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What do we do if we do not participate in the pursuit of more but we still struggle with enough?  In this week’s talk we were reminded how stuff does not bring happiness.  Instead, we heard how our relationship with Jesus and people brings true wealth.

When my husband and I decided that we would be a one-income family before we had kids, we had to make some financial decisions that would allow us to do so.  One big one was determining what are our wants and our needs.  It turned out that I can do without a lot.  And being one to go against the grain, I purposely never had any desire to keep up with the Jones’.  I also get particularly impertinent when I am told I have to have something.  “Um, NO, I don’t.”

I wish that not being materialistic would mean that I’m extremely giving.  However, I can be stingy with the money I do have and I can be stingy with my time and my heart.  This is what it looks like when my eyes are on what I perceive to be mine instead of on the Lord.  Paul tells Timothy (and us), “But godliness with contentment is great gain.  For we brought nothing into the world, and we can take nothing out of it.  But if we have food and clothing, we will be content with that.”  1 Timothy 6:6-8 NIV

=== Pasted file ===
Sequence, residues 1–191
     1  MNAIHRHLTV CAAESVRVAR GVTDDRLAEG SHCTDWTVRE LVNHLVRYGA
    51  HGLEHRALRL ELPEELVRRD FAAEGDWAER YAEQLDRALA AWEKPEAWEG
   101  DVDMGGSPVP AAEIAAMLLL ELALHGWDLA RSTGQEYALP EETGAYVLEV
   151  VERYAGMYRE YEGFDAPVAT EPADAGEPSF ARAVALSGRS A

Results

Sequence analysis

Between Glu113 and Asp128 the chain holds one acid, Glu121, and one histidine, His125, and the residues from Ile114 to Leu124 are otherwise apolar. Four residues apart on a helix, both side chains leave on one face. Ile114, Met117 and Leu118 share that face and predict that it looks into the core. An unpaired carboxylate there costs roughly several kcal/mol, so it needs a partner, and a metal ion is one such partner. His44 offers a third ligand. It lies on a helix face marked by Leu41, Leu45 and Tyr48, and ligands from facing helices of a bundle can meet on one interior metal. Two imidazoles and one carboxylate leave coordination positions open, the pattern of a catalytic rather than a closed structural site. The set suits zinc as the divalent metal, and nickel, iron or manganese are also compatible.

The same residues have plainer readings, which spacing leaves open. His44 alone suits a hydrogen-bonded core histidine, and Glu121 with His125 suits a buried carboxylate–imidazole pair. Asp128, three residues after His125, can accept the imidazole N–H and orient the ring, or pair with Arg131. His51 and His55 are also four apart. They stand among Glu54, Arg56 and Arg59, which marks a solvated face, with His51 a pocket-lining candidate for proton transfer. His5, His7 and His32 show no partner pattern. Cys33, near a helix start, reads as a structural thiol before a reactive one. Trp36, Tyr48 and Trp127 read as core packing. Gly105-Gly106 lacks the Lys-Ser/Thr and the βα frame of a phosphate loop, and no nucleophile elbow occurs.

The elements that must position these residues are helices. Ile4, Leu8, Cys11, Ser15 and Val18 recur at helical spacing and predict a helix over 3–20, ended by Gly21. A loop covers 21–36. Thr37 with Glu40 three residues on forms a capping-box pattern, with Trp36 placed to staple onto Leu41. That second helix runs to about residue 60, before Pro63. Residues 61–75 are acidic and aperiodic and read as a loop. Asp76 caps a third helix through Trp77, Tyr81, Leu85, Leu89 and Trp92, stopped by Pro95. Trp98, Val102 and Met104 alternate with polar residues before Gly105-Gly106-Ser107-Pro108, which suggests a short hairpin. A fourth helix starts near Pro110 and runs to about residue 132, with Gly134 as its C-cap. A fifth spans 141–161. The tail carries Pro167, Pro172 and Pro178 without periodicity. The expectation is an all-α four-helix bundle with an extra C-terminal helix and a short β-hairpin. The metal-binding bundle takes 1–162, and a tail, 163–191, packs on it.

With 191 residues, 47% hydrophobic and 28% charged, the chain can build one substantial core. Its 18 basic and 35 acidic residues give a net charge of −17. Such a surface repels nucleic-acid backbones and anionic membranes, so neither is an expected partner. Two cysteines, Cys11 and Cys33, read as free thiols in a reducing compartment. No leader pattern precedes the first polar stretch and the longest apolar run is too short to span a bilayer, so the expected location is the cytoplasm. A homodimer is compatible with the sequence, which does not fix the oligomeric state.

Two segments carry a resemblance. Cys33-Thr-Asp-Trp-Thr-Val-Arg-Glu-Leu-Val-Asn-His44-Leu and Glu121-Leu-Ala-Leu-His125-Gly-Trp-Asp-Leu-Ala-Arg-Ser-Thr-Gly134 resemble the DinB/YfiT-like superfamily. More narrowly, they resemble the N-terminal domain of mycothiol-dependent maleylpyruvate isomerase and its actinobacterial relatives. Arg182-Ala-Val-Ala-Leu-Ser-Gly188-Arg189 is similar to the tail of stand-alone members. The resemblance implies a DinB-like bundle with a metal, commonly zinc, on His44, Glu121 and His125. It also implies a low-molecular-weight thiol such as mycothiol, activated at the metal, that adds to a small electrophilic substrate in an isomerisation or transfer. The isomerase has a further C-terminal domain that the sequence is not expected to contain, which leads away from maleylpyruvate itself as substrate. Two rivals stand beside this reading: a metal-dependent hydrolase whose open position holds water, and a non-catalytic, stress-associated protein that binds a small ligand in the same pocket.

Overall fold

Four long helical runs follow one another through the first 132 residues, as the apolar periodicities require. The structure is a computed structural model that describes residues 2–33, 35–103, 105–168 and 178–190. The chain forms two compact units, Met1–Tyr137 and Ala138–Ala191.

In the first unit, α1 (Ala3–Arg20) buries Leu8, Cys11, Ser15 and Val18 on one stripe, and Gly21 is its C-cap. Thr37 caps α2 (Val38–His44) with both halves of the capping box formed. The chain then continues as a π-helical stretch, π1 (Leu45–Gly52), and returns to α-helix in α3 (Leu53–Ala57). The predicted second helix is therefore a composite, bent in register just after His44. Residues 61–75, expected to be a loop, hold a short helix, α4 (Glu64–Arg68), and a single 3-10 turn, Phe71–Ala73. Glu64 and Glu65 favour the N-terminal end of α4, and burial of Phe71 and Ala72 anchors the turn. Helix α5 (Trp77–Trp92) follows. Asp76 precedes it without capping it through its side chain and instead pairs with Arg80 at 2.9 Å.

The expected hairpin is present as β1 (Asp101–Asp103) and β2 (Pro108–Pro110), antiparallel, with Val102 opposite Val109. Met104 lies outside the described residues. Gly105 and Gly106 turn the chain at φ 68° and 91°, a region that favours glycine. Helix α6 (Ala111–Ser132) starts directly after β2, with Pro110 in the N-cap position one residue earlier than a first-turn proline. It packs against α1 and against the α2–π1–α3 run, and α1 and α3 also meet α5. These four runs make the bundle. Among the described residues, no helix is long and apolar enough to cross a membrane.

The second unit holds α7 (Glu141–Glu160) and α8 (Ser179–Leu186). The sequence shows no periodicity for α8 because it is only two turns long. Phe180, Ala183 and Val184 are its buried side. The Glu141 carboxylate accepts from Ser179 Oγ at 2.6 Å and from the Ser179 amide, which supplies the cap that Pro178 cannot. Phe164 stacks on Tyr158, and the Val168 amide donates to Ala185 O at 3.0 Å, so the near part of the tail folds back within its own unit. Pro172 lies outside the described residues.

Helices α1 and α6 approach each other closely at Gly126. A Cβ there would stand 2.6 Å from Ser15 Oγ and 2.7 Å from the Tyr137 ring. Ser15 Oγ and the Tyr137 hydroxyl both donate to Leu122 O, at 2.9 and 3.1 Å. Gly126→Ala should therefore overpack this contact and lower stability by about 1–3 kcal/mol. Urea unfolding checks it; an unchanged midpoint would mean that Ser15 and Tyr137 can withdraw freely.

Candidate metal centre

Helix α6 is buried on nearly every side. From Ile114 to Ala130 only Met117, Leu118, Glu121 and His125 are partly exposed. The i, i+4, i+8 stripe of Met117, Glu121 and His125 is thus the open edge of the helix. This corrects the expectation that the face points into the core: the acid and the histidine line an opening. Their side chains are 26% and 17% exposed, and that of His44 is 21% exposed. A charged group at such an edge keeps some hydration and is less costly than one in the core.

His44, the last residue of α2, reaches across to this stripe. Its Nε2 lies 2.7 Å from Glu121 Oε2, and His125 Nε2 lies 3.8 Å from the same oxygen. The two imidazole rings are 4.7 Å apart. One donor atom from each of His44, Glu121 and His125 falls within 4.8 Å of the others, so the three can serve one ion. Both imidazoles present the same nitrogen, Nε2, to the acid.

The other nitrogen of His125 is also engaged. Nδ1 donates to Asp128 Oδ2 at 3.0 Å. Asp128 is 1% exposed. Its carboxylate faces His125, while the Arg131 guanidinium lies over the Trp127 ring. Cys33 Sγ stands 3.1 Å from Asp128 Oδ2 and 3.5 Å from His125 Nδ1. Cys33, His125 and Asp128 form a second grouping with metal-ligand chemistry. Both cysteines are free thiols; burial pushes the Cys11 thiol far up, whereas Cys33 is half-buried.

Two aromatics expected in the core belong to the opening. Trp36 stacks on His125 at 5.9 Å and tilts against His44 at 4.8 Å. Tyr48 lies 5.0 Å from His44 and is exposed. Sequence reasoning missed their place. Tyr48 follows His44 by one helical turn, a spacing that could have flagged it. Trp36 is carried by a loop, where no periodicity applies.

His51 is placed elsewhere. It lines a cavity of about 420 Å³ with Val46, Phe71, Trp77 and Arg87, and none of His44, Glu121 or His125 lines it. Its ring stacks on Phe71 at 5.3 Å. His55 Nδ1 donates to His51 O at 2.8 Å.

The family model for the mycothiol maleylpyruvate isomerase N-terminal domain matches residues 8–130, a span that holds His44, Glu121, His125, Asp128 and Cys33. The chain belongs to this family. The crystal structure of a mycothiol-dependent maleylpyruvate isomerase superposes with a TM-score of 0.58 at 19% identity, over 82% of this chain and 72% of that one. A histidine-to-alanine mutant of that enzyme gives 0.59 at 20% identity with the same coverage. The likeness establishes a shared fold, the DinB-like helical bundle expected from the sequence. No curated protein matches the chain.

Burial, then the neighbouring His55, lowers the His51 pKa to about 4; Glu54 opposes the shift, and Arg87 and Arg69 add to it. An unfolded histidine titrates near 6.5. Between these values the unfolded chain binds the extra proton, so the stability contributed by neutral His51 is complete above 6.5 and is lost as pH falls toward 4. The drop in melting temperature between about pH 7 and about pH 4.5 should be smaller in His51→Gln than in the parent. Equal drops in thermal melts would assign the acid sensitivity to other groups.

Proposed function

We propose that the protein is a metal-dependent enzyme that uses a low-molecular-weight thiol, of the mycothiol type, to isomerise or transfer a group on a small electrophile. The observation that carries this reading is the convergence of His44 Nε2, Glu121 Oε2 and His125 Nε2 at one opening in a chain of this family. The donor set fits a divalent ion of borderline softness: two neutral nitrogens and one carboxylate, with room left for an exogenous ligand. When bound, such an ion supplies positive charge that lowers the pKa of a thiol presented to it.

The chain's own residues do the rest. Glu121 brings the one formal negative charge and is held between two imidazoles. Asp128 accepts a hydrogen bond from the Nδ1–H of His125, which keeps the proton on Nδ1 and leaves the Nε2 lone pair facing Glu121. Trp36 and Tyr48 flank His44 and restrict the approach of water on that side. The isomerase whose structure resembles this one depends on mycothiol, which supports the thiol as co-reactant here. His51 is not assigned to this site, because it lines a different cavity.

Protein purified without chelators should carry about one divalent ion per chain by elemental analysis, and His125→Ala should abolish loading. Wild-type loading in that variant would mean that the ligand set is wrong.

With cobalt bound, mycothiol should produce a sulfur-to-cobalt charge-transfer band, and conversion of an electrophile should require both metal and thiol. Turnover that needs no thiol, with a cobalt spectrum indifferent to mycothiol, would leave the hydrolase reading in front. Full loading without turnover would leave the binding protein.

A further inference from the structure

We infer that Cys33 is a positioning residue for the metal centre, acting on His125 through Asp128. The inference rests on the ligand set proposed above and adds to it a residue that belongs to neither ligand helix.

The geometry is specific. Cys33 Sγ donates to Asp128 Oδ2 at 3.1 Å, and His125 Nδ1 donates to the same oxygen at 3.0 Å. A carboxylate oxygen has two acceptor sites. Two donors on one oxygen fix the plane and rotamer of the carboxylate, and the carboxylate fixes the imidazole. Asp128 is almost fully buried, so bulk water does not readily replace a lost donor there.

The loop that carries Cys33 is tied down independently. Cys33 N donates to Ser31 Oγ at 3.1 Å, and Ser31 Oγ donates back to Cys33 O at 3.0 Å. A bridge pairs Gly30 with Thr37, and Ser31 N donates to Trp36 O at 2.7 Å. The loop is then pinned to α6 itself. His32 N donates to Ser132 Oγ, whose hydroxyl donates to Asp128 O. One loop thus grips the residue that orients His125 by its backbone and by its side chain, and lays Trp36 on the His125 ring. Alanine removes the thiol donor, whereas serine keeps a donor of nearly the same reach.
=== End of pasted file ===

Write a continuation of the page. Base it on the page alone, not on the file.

How can we be content but not complacent? How can we still strive to do better – spend more time with God, give more, volunteer more, love more but still be content?!  Paul commands us to “pursue righteousness, godliness, faith, love, perseverance and gentleness.  Fight the good fight of faith; take hold of the eternal life to which you were called, and you made the good confession in the presence of many witnesses.” 1 Timothy 6:11-12  The two commands sound contradictory to me.  How do I reconcile this in my mind and life?

Amanda reminded us in October that “spiritual work is hard.”  This is not a one and done.  I need to practice being content, starting with being grateful what God has provided for me.  Other ways for me to practice generosity are tithing, regular giving to other causes, volunteering my time, and spending time with friends and family.   I think, at the same time, I can be praying about how God wants me to use my gifts for Him.  I can be content in what He has given me and at the same time strive for what He wants me to do for Him. 

 I was listening to Christian radio yesterday and several quotes “just happened” to go along with this contrary practice.  Biblical Scholar Frederick Dale Bruner said that, “The Christian faith is bipolar.  Disciples (us) live their lives between worship and doubt; and trusting and questioning; and hoping and worrying.”  John Ortberg added, “Disciples are not people who never doubt.  They doubt and they worship.  They doubt and they serve.  They doubt and they help each other with their doubts.  They doubt and they practice faithfulness.  They doubt and they wait for one day, when their doubt turns into hope. 

Amen!  Here is to the bipolar exercise of contentment and fighting the good fight.  If you missed this talk or the first one in the Enough series, you can find them here.